• I'm not sure this answers the question. It is a great (and perhaps necessary) comment, but not an answer (you merely echo Stephane's words).
    – schroeder
    Nov 5, 2015 at 16:21
  • So I'm not a stackexchange expert--when it's a bad question, is the right thing to add a comment rather than an answer? Nov 5, 2015 at 16:26
  • I comment on unclear questions and provide answers on misguided ones (like this).
    – u2702
    Nov 5, 2015 at 21:51

The key defining factor of a replay attack is that the replay'd message is treated as legitimate traffic and has some effect. Simply being able to replay a transaction isn't enough - it has to also look like regular traffic.

For example, say you have a programmable wireless car-key. You have to type your password into both the key and at some point the car, lets say.

If the password is sent to the car in plaintext, it is both vulnerable to confidentiality AND integrity attacks (your third criteria, availability, would be if you could jam/block the car-key or not).

So say you encrypt the password with SHA9000, and send that to the car. Eavedroppers can no longer see/decrypt your password and it's no longer vulnerable to confidentiality attacks, but since your password hashes the same way every time it can simply be replayed.

Now imagine that you don't encrypt the password, but you do send the password plus the current time of day. Now communications are no longer confidential, but they are protected from 'dumb' replay attacks. I say dumb, because the attacker knowing the protocol could easily replicate it knowing the password, so we haven't got true integrity protection yet, but its a step in the right direction. Unlike confidentiality attacks, integrity attacks have a much broader spectrum of vulnerability. It's often not all or nothing, but somewhere in between. Certain kinds of packets maybe, or perhaps "60% of the time it's vulnerable every time" if it's PRNG related... it used to be a bit of a cat-and-mouse game with protocols having all sorts of weird checksums, etc, to ensure it was a legitimate device sending them, but attackers would eventually learn and dupe the protocol... early security jobs mainly focused on communication integrity.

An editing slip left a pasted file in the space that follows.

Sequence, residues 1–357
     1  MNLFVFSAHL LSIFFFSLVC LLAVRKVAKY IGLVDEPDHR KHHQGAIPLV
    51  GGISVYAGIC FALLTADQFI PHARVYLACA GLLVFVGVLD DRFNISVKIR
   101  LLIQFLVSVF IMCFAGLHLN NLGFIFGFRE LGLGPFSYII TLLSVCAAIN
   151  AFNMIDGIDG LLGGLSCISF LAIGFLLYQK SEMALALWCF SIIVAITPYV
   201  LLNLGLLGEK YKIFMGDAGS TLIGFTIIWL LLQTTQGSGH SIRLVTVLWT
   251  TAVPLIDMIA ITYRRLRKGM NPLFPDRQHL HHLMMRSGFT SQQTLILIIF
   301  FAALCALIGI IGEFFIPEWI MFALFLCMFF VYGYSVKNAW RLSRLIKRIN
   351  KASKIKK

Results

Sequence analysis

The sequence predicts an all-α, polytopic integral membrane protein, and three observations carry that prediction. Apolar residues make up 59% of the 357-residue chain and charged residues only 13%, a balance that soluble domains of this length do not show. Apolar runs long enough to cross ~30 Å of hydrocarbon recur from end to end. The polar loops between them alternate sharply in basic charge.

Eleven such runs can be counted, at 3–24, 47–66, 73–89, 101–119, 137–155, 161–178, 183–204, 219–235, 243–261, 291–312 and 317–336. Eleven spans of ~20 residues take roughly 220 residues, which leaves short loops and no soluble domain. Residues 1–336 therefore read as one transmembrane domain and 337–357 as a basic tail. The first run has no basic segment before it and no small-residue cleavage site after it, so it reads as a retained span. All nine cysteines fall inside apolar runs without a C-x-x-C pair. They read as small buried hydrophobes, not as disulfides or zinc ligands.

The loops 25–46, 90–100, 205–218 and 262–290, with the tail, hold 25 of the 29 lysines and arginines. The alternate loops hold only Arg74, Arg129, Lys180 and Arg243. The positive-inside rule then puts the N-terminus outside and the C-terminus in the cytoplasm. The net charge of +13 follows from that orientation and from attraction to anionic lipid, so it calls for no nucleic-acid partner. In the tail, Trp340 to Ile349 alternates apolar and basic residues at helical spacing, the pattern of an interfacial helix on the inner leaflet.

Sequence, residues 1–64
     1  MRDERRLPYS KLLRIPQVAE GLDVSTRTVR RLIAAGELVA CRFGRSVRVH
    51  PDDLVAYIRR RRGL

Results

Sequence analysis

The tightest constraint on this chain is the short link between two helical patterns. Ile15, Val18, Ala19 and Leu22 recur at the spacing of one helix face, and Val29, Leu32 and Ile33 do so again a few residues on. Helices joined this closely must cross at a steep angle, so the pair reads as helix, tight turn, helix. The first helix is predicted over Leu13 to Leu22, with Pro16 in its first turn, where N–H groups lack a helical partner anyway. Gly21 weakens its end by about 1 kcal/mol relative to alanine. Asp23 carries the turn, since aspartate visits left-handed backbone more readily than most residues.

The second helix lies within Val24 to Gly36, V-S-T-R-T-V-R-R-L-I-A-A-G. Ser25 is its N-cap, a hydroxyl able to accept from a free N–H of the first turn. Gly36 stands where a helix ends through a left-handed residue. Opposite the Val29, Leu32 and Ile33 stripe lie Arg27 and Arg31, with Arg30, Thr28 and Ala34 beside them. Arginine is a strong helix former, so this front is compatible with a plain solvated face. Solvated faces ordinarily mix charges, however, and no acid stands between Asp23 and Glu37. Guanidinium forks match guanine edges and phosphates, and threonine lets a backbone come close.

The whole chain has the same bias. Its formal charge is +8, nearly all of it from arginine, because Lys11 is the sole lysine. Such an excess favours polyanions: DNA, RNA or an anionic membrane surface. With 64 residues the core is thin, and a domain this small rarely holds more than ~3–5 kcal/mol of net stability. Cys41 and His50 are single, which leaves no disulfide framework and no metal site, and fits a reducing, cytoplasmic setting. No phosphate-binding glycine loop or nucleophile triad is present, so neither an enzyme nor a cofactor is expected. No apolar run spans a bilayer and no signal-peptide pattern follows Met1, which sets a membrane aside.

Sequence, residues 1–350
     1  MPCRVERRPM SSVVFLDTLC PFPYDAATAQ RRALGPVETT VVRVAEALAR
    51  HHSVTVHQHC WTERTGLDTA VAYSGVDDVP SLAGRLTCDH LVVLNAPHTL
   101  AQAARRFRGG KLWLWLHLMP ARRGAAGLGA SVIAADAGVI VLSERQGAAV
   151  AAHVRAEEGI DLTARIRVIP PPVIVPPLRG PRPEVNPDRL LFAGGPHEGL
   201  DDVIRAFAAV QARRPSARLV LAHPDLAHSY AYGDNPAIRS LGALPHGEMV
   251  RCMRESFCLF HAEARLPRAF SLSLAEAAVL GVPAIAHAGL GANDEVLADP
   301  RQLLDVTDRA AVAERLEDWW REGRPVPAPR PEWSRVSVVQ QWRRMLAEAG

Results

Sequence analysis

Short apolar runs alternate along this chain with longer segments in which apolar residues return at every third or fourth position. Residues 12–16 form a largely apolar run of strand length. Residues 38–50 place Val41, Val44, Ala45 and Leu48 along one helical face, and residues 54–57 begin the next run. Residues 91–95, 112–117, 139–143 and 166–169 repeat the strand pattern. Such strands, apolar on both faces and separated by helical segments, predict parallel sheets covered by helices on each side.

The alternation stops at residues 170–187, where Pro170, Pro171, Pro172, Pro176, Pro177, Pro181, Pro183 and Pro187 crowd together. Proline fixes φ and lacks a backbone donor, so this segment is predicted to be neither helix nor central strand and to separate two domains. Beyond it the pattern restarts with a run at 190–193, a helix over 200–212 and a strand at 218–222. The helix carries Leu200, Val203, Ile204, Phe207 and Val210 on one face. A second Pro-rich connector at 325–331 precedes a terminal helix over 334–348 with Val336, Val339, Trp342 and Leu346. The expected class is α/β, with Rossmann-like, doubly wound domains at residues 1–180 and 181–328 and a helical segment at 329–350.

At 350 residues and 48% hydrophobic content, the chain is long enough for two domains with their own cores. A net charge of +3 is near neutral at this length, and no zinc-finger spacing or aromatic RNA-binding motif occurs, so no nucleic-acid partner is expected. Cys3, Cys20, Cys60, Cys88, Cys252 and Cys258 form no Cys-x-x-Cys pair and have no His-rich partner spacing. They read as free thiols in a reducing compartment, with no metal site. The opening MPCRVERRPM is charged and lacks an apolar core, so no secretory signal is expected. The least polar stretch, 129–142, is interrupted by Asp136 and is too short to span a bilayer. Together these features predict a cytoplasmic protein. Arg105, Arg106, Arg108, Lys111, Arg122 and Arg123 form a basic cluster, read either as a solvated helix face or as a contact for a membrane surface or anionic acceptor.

Then the wide-spread adoption of encryption changed all that, because everything wrapped in a layer of encryption carries the authenticity of the encryption too.

For example, in our car-key example, if you concatenate the password and the time of day together into a single string, and encrypt that, you can get integrity and confidentiality in one.

  • 1
    JJ, this is a good explanation. Just to clarify, a hashed password is not "encrypted" even though people use that terminology, as it cannot be "decrypted" in the cryptographic sense. It's hashed, it becomes a verifier, etc. Also, just encrypting the msg isn't enough. It also requires a separate integrity protection unit. In a well designed algorithm, there would be two keys, one for encryption and one for hashing (MAC(msg,key)). Using the same key for both opens up a two-pronged attack. Embedding the hash inside the encrypted message also has some issues (I cannot currently remember why). Nov 6, 2015 at 6:43
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    All good points, and you're right I shouldn't be so lazy with my terminology - particularly when explaining things to newcomers looking to learn the basics. In my example the integrity protection unit was the time-of-day, assuming the key and the car were synced. Of course, in real life scenarios this wouldn't happen because they would come out of sync (you have no idea how many times i've been locked out of AWS servers because my gemalto 2-factor auth. drifted too far) and time can be duped, so proper algorithms like the one you described should be used :) But as a demo i think it's OK
    – J.J
    Nov 9, 2015 at 15:11
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    Yup, TOD, the bane of all real world security applications. TOD just creates all sorts of problems from the illusion of a secure PRNG seeding to protocol sync issues. Notable sync pains from the past: DCE setup (in the 90's) and RSA Token keys. Nov 9, 2015 at 15:29